Data for Policy 2015

Data for Policy 2015 – Policy-making in the Big Data Era: Opportunities and Challenges – ran from 15-17 June 2015, in Cambridge


Data for Policy 2015 – Policy-making in the Big Data Era: Opportunities and Challenges

15-17 June 2015, Cambridge

Current decision-making processes are far from being optimal to represent the best interests of the public and stakeholders, as contemporary policy domains are very complex, high dimensional and include a large dose of uncertainty. The massive amounts of data captured in our physical world through sensors and electronic devices provide a huge potential to advance these processes. With the availability of new technologies, new formulations are needed on fundamental questions such as how to conduct a census, how to produce labour statistics, or how to incorporate data mined from social media and administrative operations. Efficient procedures to draw links between large-scale data-processing technologies and existing expert knowledge in major policy domains would potentially offer chances to make policy development processes more citizen-focused, taking into account public needs and preferences supported with actual experiences of public services. This however comes with serious privacy and security concerns as intersecting various data sources could reveal unprecedented private information.

The conference committee invited contributions covering the following topics:

  • Information and evidence in digital age
  • Policy-making mechanisms and modelling approaches
  • Existing methodologies, case studies, best practices for use of Big Data in policy
  • Data collection, storage, processing and access procedures
  • Cumulative learning in digital environments, potentials in policy context, challenges and limitations
  • Interaction of domain expertise with digital processing technologies; dealing with imperfect/uncertain data; psychology/behaviour of decision
  • Security and privacy issues; ethics and law

Publications from the Data for Policy 2015 Conference: 

Selected Papers for the Special Issue of Policy & Internet (Wiley) Read more>>

Meyer, E. T., Crowcroft, J., Engin, Z. and Alexander, A. (2017), Data for Public Policy. Policy & Internet, 9: 4–6. doi:10.1002/poi3.147. Read more>>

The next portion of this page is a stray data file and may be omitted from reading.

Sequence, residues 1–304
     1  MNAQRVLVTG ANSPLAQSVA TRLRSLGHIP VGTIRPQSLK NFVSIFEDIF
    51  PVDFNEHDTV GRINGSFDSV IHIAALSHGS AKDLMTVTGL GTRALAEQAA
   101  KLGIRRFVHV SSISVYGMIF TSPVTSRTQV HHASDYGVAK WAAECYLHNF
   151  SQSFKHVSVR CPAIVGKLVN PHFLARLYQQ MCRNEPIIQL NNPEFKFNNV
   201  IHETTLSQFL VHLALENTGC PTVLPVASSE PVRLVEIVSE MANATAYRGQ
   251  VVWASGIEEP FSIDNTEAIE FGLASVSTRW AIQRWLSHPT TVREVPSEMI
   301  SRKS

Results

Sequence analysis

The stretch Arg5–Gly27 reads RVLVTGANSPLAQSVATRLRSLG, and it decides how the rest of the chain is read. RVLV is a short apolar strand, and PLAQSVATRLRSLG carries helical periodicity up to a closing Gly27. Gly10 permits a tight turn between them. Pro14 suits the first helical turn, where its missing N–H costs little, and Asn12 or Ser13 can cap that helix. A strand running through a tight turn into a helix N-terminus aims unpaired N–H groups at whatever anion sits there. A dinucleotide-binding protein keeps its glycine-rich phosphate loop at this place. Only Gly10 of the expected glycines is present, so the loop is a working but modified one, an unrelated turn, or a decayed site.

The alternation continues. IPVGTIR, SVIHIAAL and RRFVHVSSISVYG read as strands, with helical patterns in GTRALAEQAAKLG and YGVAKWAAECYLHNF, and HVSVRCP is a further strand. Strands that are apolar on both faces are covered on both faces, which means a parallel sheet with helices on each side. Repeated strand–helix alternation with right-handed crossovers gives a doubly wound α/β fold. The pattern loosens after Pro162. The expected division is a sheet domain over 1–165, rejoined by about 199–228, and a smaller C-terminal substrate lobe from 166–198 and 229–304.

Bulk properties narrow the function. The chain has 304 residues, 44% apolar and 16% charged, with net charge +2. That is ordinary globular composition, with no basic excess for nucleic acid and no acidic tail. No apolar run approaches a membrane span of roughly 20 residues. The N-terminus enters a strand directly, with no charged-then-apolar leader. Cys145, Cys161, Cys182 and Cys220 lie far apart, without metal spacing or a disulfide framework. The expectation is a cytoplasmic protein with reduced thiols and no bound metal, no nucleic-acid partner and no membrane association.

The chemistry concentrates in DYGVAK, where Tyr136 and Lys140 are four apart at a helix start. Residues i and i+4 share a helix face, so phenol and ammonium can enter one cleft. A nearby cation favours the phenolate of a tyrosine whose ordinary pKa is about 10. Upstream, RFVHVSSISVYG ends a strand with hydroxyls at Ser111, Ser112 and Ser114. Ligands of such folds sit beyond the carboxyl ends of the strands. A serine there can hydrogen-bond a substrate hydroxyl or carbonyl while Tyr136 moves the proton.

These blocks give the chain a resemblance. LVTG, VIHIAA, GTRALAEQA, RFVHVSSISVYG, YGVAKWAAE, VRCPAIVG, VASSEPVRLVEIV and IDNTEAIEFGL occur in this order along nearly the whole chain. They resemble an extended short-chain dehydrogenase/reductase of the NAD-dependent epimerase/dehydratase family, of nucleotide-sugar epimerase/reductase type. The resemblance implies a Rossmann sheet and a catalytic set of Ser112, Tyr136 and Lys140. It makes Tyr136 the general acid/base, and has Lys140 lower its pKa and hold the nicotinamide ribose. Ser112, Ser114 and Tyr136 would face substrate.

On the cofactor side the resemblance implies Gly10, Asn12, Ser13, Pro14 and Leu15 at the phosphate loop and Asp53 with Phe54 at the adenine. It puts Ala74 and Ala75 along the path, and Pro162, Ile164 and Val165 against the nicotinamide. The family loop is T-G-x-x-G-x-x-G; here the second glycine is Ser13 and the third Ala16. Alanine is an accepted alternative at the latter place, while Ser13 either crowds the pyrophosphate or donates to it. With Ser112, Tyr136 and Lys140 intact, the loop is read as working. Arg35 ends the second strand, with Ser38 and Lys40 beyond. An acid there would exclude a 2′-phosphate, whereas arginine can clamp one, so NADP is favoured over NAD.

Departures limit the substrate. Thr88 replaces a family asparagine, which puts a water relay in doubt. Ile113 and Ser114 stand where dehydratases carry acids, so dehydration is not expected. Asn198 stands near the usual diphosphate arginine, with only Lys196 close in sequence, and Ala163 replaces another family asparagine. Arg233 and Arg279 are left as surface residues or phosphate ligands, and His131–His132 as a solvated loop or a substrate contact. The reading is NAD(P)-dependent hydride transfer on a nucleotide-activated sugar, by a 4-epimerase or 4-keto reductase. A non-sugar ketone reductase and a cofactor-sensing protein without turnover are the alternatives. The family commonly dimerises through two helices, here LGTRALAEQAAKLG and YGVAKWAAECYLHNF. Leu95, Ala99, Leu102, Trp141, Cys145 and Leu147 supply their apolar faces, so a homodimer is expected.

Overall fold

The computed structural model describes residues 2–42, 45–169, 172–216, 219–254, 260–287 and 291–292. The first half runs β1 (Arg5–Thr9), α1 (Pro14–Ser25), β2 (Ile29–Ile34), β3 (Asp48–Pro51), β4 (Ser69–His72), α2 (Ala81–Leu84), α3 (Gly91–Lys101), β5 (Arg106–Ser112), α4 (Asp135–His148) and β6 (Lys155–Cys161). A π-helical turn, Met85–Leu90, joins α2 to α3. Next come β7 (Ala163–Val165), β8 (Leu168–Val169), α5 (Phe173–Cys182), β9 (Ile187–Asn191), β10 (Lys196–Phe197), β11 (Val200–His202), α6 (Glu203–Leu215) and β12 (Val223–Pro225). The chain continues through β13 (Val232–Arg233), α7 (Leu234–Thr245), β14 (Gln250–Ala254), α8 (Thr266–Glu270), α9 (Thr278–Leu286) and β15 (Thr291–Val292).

Guerrero, O. A. and López, E. (2017), Understanding Unemployment in the Era of Big Data: Policy Informed by Data-Driven Theory. Policy & Internet, 9: 28–54. doi:10.1002/poi3.136. Read more >>

Malomo, F. and Sena, V. (2017), Data Intelligence for Local Government? Assessing the Benefits and Barriers to Use of Big Data in the Public Sector. Policy & Internet, 9: 7–27. doi:10.1002/poi3.141. Read more>>

Piscopo, A., Siebes, R. and Hardman, L. (2017), Predicting Sense of Community and Participation by Applying Machine Learning to Open Government Data. Policy & Internet, 9: 55–75. doi:10.1002/poi3.145. Read more>>

Longo, J., Kuras, E., Smith, H., Hondula, D. M. and Johnston, E. (2017), Technology Use, Exposure to Natural Hazards, and Being Digitally Invisible: Implications for Policy Analytics. Policy & Internet, 9: 76–108. doi:10.1002/poi3.144. Read more>>

Partner institutions:

  • Computer Laboratory, University of Cambridge
  • Centre for Science and Policy (CSaP), University of Cambridge
  • Data Science Institute (DSI), Imperial College London
  • Department of Methodology, London School of Economics and Political Science (LSE)
  • The Royal Statistical Society (RSS)
  • Sciencewise Programme funded by the Department for Business, Innovation & Skills (BIS)
  • Office for National Statistics (ONS)
  • London Innovation Society (LIS)
  • Cambridge Big Data, University of Cambridge
  • Digital Humanities Network, University of Cambridge

Multimedia from the Data for Policy 2015 Conference:





The Data for Policy 2015 Conference was held at the University of Cambridge.

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